8,400 Year Old Dog Burial With Grave Goods Unearthed
Dogs have long been considered to be human’s best friend with evidence of their relationship going back for millennia. Now a remarkable discovery in Sweden, shows that even 8,400 years ago people and dogs had a really special bond. Archaeologists have found canine remains which are not only the oldest ever found in the region but incorporate similar burial rites as would be expected with a human burial. It seems to indicate that the ancient relationship between the Stone Age humans and this dog was more than simply a pragmatic one, but the dog was somehow held in a high regard. The find is providing more information on ancient attitudes and traditions, helping experts to understand our distant ancestors.
Important Stone Age Site of Ljungaviken
Since 2015 archaeologists from Blekinge Museum have been, excavating a site in Ljungaviken in Sölvesborg, Sweden. The experts have found at least 51 structures at what they believe was a coastal settlement that dates to the Stone Age ( Mesolithic). Their digs have revealed pits, hearths and postholes.
The project is the largest archaeological project ever conducted in this part of the country. In the Blekinge Museum report , Carl Persson of the Blekinge Museum explains that “a sudden and violent increase of the sea level flooded the area with mud” and this helped preserve this archaeologically important area.
Part of the excavations at the site where the dog burial was found (YouTube Screenshot /Arkeologi Ljungaviken)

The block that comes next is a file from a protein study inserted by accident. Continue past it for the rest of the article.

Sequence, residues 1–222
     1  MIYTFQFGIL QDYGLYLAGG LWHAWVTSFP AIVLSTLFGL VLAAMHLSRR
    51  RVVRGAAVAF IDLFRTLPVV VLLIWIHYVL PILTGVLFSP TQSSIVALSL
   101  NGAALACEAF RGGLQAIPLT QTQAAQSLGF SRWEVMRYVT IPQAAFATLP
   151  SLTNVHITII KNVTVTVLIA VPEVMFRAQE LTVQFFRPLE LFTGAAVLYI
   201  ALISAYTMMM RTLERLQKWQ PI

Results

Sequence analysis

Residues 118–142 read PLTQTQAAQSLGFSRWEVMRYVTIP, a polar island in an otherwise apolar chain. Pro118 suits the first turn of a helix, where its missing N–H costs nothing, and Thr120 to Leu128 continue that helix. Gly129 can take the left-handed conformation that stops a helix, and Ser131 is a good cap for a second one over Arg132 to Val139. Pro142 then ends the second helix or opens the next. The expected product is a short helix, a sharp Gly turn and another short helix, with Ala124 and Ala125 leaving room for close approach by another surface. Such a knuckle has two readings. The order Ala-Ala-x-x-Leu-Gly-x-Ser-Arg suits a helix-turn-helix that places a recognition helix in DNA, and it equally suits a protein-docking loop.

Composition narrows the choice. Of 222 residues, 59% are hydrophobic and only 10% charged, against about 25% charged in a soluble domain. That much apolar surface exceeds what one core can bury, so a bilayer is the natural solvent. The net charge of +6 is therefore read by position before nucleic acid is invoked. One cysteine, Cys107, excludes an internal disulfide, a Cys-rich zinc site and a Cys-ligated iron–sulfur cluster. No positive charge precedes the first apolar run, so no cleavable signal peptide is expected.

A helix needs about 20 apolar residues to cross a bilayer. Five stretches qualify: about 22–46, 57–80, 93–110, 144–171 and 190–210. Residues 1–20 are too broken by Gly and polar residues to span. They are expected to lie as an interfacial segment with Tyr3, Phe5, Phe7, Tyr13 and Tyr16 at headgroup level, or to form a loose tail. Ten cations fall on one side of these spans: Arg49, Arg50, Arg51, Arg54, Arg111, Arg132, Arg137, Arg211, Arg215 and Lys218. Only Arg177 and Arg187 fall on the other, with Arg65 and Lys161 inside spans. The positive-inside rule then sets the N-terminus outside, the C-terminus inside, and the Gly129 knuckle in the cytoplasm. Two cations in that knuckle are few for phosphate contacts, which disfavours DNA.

A Thoughtful Dog Burial
Archaeologists have been removing layer upon layer of sand and mud to reveal the story of a Stone Age community. During this, they came across the remains of a dog, which had been buried in a grave over 8,000 years ago. Ola Magnell of the Blekinge Museum commented that, “The dog is well preserved, and the fact that it is buried in the middle of the Stone Age settlement is unique”.
What fascinated the team was the fact the dog “was buried like a person, noting that survivors often leave valuable or sentimental objects with the dead” reported The Local . The dog’s burial included grave goods, something which is common burial practice in many ancient societies for humans but less common for dogs. The exact nature of the grave goods remains a mystery, as they are contained in the mud surrounding the dog and are yet to be extracted, but include shards of flint.
The finding of dog burials of a complex nature like this is unusual but not unprecedented. Ancient Origins reported on a study of ancient dog burials by Robert Losey in 2016 covering a variety of different dog burials ranging in age from 8000 to 5000 years old. In it Losey said of some of the burials:
“The dogs were being treated just like people when they died. They were being carefully placed in the grave. Some of them were wearing necklaces when they were buried, … they placed spoons and other offerings in the grave with the dog. The idea, I think, being they had souls and an afterlife.”